Better not put me in charge, or else …
World Series games will be played by the light of day, in October’s fading sunshine. East Coast kids will get to watch the games on TV, and West Coast kids will get to try to convince their teachers to let them listen to the start of games on the radio, and then will hurry home to catch the tail-end on the tube.
College football will clean up its bowl-season mess once and for all. Every other college sport has its postseason play dictated by a “Selection Committee” as designated by the NCAA. But major bowl participants are determined by computer programmers, sportswriters and coaches, while the lesser bowl contestants are selected by portly, middle-aged bowl representatives in loud blazers. Please, NCAA: form a football committee, lock them up in a hotel somewhere early in December, and don’t let them leave until they’ve made all the bowl pairings.
In the NBA, slam dunks will count for only one point. Then we’ll find out who the team players are, and who’s in it only for their own personal notoriety.
High school athletes who find themselves academically ineligible will not be allowed to be with their teams during games watching from the sidelines, but rather would be made to spend the time in the school library, curing their deficiencies.
Palindromes will be celebrated as a complex art form, with competitions springing up nation-wide. I wish I could say that I was the one to devise: “may a moody baby doom a yam.”
The arithmetically-challenged Big Ten Conference will either rename itself the Big Eleven, or, given the nature of many of its mascots (Gophers, Wolverines, and Badgers), start calling itself the Big Rodent Conference.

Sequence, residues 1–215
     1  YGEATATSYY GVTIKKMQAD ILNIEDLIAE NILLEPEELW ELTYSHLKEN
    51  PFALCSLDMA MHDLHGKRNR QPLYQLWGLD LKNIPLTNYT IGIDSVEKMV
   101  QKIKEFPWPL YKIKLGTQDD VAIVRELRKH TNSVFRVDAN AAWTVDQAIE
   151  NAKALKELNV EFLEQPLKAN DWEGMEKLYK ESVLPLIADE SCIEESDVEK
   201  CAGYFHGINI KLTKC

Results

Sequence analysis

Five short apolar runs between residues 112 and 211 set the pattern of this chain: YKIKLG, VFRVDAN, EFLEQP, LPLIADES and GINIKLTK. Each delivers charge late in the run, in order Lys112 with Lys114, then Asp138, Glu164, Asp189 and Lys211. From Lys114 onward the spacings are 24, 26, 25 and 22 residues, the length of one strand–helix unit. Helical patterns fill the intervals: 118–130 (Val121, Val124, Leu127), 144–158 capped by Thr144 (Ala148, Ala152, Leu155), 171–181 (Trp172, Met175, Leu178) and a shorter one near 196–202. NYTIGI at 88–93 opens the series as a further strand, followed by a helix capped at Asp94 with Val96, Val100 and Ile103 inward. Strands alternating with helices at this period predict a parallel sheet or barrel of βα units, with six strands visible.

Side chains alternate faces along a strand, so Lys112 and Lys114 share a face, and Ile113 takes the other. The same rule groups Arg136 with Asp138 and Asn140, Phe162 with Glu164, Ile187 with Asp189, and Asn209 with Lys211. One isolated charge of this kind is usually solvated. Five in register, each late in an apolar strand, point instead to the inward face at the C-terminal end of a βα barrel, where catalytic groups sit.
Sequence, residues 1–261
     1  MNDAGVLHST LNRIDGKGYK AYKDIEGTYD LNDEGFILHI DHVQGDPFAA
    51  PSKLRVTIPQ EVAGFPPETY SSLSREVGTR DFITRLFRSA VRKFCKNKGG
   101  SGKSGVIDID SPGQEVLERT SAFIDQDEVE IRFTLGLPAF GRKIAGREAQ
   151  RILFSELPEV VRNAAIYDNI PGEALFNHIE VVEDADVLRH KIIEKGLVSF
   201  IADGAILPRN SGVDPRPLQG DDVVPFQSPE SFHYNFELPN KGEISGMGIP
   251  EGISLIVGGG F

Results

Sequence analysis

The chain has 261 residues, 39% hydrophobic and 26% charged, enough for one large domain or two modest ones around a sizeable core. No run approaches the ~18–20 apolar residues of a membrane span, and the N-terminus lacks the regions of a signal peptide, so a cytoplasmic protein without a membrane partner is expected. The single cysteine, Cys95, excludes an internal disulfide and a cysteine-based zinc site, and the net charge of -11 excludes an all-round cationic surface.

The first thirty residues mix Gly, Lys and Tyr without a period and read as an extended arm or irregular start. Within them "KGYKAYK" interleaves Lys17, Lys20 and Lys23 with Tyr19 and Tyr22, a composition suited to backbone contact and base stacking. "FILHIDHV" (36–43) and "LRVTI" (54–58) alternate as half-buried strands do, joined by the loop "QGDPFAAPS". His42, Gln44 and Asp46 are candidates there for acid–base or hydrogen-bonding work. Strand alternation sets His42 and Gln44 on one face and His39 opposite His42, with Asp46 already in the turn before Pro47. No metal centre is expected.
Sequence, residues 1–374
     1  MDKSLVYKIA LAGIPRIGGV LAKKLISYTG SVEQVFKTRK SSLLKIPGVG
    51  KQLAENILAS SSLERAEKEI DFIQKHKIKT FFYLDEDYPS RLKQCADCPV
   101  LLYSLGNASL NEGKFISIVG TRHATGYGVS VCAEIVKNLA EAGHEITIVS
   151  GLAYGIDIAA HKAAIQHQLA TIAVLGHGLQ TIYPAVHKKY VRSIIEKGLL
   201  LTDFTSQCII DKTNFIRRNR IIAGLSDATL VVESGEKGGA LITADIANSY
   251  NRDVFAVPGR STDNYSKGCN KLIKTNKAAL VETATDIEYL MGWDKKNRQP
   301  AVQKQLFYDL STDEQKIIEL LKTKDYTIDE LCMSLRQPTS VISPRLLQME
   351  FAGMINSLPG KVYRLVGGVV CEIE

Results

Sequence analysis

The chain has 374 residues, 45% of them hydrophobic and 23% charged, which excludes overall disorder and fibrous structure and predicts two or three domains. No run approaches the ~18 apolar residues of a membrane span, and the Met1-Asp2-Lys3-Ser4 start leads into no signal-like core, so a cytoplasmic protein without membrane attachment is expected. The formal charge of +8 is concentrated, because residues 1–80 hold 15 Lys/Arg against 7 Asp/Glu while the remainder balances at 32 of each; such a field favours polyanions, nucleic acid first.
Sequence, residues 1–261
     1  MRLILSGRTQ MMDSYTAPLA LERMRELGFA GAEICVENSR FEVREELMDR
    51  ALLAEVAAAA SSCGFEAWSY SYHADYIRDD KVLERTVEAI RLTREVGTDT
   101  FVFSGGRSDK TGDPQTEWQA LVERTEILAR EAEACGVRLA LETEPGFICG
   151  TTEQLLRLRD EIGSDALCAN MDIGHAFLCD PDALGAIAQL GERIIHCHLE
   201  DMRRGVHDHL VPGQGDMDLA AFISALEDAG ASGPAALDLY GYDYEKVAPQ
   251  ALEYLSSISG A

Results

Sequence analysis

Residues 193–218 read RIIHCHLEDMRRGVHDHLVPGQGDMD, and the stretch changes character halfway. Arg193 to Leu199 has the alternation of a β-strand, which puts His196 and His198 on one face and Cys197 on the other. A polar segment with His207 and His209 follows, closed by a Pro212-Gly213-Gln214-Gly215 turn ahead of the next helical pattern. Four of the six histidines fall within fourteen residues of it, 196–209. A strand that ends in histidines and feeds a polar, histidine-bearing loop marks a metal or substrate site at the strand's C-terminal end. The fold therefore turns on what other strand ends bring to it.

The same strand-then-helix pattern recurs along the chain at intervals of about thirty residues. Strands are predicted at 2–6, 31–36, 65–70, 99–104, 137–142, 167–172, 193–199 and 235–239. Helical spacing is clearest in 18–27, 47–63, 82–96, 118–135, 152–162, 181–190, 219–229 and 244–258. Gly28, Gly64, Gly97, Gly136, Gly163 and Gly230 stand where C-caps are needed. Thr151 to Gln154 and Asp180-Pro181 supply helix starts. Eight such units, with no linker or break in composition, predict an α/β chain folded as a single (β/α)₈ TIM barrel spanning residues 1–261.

The National League would get in step with every other baseball league in the country, and utilize the designated hitter. The DH may be a curse and a pox on our houses, but it is here to stay, for good or bad.
As school kids learn every November the story of the Pilgrims and the message of Dr. King in January, so, too, should the story of Jackie Robinson be part of the curriculum each spring.
Those who have been chosen to serve in public office would remember every day that we are the masters, and they are the servants.
Everybody who is fed up with professional sports (i.e. the expense of attending games, the attitudes of the players, owners blackmailing the citizenry for expensive palaces to count their money in) would be encouraged to attend a local high school game of their choosing, if only as a reminder of how the games used to be played back when you could sit up close, be able to afford it, and see players perform with passion, if not precision.Lake Forest Park resident Frank Workman is a regular contributor to The Enterprise Newspapers. Questions and comments may be sent by e-mail to email@example.com, by fax to 425-774-8622 or by mail to Sports editor, The Enterprise, 4303 198th St. SW., Lynnwood, WA 98036.